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You snooze, you lose: Insurers make the old adage literally true 21.11.2018 Minnesota Public Radio: Law & Justice
Millions of sleep apnea patients rely on CPAP breathing machines to get a good night's rest. Health insurers use a variety of tactics, including surveillance, to make patients bear the costs. Experts say it's part of the insurance industry playbook.
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How Democrats Finally Won with Health Care 20.11.2018 American Prospect
AP Photo/Andrew Harnik House Minority Leader Nancy Pelosi, foreground, speaks at a news conference on pre-existing health conditions on Capitol Hill.  It took a long time, but the Affordable Care Act finally paid off politically for Democrats in the 2018 election. According to  exit polls , voters rated health care the top issue, and they trusted Democrats on it more than Republicans. The big questions now are the impact the election results may have on health policy in the next two years and the lessons Democrats should draw for 2020 and beyond. In 2018, unlike the other elections since the ACA’s passage in 2010, voters had seen what Republicans were actually proposing to do about health insurance. “You’re going to have such great health care at a tiny fraction of the cost, and it’s going to be so easy,” Donald Trump  promised  in 2016. But when it came time to deliver, the legislation passed by Republicans in the House and endorsed by Trump would have resulted in millions of people losing coverage and ...
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GOP seeks last-ditch laws in states where its power slipped 17.11.2018 Minnesota Public Radio: Politics
With their grip on power set to loosen come January, Republicans in several states are considering last-ditch laws that would weaken existing or incoming Democratic governors and advance their own conservative agendas.
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B.C. premier lauds health-care workers as discriminatory labour laws repealed 12.11.2018 rabble.ca - News for the rest of us
B.C. premier lauds health-care workers as discriminatory labour laws repealed
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Fact check: Trump's rhetoric on voter fraud is misleading 12.11.2018 Minnesota Public Radio: News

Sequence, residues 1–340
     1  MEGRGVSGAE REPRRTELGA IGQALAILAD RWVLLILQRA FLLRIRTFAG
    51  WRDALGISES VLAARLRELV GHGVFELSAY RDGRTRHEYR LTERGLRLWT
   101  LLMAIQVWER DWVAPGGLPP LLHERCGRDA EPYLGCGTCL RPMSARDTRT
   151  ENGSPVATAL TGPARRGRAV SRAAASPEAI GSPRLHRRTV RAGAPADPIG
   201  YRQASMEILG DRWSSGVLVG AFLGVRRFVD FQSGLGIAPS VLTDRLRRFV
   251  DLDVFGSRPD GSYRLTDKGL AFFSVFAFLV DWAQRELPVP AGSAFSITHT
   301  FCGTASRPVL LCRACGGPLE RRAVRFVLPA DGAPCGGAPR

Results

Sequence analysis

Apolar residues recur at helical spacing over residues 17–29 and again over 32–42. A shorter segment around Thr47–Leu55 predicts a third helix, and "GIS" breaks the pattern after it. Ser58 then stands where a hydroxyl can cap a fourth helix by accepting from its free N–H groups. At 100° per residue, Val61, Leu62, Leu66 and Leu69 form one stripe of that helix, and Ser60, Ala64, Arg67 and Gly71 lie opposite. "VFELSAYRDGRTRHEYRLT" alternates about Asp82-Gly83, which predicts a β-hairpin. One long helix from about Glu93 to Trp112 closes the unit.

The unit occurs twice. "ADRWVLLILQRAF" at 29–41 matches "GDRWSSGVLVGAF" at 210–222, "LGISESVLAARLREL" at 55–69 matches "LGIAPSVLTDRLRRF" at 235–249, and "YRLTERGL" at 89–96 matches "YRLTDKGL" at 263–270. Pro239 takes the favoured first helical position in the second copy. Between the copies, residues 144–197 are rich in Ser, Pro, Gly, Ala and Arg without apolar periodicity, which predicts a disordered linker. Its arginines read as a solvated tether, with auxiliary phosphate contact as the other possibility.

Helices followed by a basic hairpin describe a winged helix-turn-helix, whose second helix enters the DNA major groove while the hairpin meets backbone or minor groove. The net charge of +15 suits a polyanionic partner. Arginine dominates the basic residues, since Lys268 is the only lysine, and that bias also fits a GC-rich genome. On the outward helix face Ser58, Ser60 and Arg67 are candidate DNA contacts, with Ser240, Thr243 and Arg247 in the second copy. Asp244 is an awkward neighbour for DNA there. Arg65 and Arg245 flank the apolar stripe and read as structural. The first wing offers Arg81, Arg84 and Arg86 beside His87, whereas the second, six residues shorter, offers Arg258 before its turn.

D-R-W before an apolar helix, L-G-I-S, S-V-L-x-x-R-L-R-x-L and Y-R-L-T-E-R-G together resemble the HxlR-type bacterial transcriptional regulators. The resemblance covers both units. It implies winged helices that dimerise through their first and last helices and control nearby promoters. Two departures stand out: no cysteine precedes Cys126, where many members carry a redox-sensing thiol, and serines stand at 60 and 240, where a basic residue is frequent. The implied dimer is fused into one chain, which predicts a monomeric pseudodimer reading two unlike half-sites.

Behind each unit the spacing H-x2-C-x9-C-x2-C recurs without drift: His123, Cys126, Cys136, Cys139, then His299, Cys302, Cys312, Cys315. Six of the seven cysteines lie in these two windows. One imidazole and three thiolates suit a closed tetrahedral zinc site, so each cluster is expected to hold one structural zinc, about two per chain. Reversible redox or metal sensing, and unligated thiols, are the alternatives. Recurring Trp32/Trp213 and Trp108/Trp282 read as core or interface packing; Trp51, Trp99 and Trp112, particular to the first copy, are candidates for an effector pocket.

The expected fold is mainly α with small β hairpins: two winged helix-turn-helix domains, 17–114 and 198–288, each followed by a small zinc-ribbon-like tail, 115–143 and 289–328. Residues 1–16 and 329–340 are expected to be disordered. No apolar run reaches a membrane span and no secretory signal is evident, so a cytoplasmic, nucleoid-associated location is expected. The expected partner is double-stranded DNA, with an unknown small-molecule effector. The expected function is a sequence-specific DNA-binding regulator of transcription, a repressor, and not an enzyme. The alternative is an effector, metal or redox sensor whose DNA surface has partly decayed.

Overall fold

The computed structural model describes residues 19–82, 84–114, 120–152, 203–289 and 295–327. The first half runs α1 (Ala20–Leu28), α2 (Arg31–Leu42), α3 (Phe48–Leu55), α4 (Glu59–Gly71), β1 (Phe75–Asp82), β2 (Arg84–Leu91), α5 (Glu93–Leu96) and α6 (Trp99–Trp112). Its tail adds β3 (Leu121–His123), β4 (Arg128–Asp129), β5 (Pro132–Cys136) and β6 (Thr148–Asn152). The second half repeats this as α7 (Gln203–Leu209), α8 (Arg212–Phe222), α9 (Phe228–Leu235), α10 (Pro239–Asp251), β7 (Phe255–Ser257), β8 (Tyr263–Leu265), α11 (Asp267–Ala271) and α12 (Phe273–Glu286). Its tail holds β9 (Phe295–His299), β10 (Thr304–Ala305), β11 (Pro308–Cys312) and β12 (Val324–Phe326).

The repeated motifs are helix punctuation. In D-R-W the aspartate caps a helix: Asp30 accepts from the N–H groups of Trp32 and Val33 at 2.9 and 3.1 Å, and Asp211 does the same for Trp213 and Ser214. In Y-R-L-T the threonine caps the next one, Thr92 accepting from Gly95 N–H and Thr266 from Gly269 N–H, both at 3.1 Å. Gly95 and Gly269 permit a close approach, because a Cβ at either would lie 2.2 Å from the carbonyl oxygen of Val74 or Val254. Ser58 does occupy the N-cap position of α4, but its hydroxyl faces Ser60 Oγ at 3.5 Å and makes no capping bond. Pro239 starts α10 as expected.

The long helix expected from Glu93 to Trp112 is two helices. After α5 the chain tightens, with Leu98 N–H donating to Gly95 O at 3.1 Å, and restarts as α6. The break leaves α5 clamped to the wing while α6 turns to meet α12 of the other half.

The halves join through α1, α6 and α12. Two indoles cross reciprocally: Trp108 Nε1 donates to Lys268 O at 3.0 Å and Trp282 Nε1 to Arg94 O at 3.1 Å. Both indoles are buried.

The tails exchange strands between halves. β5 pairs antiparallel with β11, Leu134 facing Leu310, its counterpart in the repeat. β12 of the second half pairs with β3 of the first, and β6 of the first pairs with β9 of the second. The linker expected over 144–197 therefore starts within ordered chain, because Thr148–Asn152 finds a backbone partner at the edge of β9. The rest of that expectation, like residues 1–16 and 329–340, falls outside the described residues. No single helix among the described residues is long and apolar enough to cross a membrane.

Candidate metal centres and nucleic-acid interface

Facing closely contested election races in Florida and Arizona, President Trump is spreading misleading rhetoric regarding voting fraud.
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Science Under Siege 12.11.2018 American Prospect
House Science Committee Chairman Lamar Smith speaks on Capitol Hill.  This article appears in the Fall 2018 issue of The American Prospect magazine. Subscribe here .  The HONEST Act may be one of the most perversely named pieces of legislation ever. Sponsored by Texas Republican Lamar Smith, chairman of the House Science Committee and one of the most fervent climate-science deniers in Congress, the acronym stands for Honest and Open New EPA Science Treatment. Smith, who is retiring this year, attempted to get the legislation through Congress in the past two sessions. Both times, it barely passed the House and failed in the Senate. That would usually be the end of it, but in line with the Trump playbook, the former administrator of the Environmental Protection Agency, Scott Pruitt, announced he would issue most of the “HONEST” agenda as a proposed rule retitled “Strengthening Transparency in Regulatory Science.” The proposed “HONEST” rule sounds ever so reasonable. It would require that EPA’s scientific ...
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Coal is not competitive with cheaper alternatives, and the industry's true costs are even higher 8.11.2018 Resource Efficiency | GreenBiz.com
Power plant emissions kill tens of thousands of Americans each year, scientists estimate.
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Looking for ACA health insurance for 2019? Here's what to expect 1.11.2018 Minnesota Public Radio: Politics
Throughout the U.S., subsidies are available to reduce the price of 2019 policies sold on state and federal insurance exchanges. But promotion of the insurance is varying widely from state to state.